Gomti River first descent completed
We have successfully completed our latest project, Gomati River Expedition 2011. And, like every other river in the past, Gomati revealed its secrets and surprises… this time it was mostly pleasant surprises.
As our tradition goes, at the source, Gomat Taal, at the base of the Himalayas, very close to Nepal, we collected our ‘good luck’ water. It was a pity that we could not put our boats in the water right there because the uppermost section of the river is dried up. We were informed by the administration that in this section, the riverbed is to be dredged and that a canal will be built to feed it with fresh water.
Given this fact, we traveled about 80 kms downriver to start our journey. We also spent a night in the forest rest house. It was exciting to know that these forests had 47 recorded tigers. We never saw any, but I am sure that some of them spotted us !! We reached Muhammadi, put our boats in the river and started the first section. Here the river is not more then ten meters wide at its maximum, but boasts pristine water and beautiful wetlands. Gomati meanders left and right, and often takes big U-turns to come back to the same point where we started.
Some sections were so beautiful, that we sometimes wondered where we were, in India or Africa. We had seen more than 150 species of birds and some rare animals.
We were amazed at so much natural beauty and our tourism expert Armin enthused about the potential for sustainable, low-impact tourism that could support the local economy. Even our Indian friends were astounded as much as we were and we mused about the fact that it had to take until 2011 for anyone to ever travel the entire length of the Gomati River.
Our camps were beautiful and the river was always inviting. We jumped in the water for a swim at the first given opportunity; we drank from the river and cooked our meals with river water. We were always greeted by the locals with curiosity, love and affection. Most of the villages next to the river seem to be 200/300 years behind. The scenario was always similar: people living by the river are cut off from the benefits of development. Almost all the villages we visited did not have basic amenities such as hospitals, schools or even connection to a road.
As always we had journalists with us to report on the situations.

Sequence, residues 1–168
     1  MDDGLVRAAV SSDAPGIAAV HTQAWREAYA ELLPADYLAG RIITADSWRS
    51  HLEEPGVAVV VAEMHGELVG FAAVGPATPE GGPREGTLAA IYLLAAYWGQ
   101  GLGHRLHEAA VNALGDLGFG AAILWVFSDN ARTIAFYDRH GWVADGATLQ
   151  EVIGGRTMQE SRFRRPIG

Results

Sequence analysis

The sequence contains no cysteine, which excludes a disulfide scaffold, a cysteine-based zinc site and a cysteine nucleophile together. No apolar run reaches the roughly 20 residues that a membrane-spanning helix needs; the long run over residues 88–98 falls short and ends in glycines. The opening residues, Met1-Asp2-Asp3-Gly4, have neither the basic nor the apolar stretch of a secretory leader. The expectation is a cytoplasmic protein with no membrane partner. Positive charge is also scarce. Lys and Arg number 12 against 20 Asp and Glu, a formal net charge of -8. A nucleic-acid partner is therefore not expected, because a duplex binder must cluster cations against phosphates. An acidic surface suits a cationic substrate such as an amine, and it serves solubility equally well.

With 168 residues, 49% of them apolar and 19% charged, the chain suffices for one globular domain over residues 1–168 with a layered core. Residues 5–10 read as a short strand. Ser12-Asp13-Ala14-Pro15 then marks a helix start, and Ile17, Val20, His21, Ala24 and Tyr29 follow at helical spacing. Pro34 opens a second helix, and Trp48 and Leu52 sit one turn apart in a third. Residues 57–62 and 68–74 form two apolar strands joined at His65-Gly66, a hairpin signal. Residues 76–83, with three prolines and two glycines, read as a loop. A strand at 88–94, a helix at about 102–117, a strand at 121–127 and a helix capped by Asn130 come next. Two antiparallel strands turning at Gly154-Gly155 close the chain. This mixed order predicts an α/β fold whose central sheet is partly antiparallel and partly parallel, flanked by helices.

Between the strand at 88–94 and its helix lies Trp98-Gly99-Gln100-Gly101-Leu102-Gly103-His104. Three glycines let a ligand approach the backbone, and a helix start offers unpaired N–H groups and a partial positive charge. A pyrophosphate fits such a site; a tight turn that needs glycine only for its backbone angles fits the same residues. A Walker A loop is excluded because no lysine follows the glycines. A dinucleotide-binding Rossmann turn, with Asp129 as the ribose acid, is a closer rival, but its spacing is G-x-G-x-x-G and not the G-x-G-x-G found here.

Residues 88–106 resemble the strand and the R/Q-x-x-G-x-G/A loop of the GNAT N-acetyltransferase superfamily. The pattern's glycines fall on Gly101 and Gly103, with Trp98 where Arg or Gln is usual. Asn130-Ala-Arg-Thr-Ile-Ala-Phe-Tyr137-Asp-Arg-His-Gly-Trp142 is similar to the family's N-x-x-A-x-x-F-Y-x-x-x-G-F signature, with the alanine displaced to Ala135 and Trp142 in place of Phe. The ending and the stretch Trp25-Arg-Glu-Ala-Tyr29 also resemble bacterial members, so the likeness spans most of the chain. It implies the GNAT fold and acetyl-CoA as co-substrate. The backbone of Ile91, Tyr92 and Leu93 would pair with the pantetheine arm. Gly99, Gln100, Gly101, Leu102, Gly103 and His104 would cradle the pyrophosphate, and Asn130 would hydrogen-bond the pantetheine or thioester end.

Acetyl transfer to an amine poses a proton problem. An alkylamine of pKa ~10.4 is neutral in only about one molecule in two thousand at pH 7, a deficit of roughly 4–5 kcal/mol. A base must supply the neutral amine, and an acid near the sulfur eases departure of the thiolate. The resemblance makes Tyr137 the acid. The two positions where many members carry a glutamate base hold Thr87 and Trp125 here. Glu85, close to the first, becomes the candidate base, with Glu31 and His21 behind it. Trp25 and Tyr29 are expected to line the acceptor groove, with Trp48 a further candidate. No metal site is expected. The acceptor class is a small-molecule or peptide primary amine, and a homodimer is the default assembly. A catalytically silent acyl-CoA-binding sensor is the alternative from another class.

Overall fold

I often wondered how many river expeditions it will need to take to have people talking about these forgotten rivers and people living on their banks. After experiencing the river at its best, we reached the capital city of Uttar Pradesh, Lucknow. To our horror we were greeted with sights of piles of plastic and tons of garbage by the banks. Drains opened right into the river.
A sad sight of modern civilization indeed. Our sadness was briefly forgotten when we were welcomed by a group of school children organized by Sandkadha, an organization working with local craftspeople. It was a joy to take the children and other friends for a ride on our boats.
We had to port our boats around the barrage and continued our journey. We were a bit skeptical about the amount of water we would find below the barrage. But thanks to recent heavy rains, the river was full of water. So we managed to stay on boat, floating, and did not need to get off to push and pull in ‘no water’ situation.
Just as we left Lucknow we were greeted with ruins of beautiful old buildings, forts and amazing ghats. We still saw amazing birds, jackals and other wildlife.
They kept getting less as we went further downriver. After the hot and humid days we experienced before reaching Lucknow, we now found ourselves in unseasonal rains. Driving in the rain and cold took a toll on our bodies. One after another, crew members kept falling sick. But, we marched on, enjoying the river, which still kept twisting and turning.
Reaching the point where the Gomati converges with the mighty Ganga was an emotional moment for all and a special one for me. I was proud of my team which had stuck together in thick and thin. They enjoyed the beautiful upper section of the river as much as they enjoyed the rain and cold of the lower sections. We do not undertake river expeditions for the sake of adventure per se. Rather, we always take with us journalists, scientists and people from various social networks.
They go to places where they would not go otherwise. This expedition was no different. Reporters from different English and Hindi newspapers, journals and bloggers joined us in different sections. We also worked closely with government agencies and specially the UP pollution control board. We collected water samples from different sections all along the way. We also documented the flora and fauna of the river, the results of which will be shared by anyone who has use to it.
I would like to thank our sponsors, wellwishers and friends who supported the expedition, in every possible way.
Andy Leemann Switzerland
Armin Schoch Thailand
Klaus Kranewitter Germany
Apal Singh India
Berna Voegele Germany
Zorba Lalou India
Shyam Singh India
Sponsors and Supporters
Yacht Center Palma
Ministry of Health India
Ashit Mitra, Kassar Trust
Miguel Caballero from Kuback Studio, Webdesign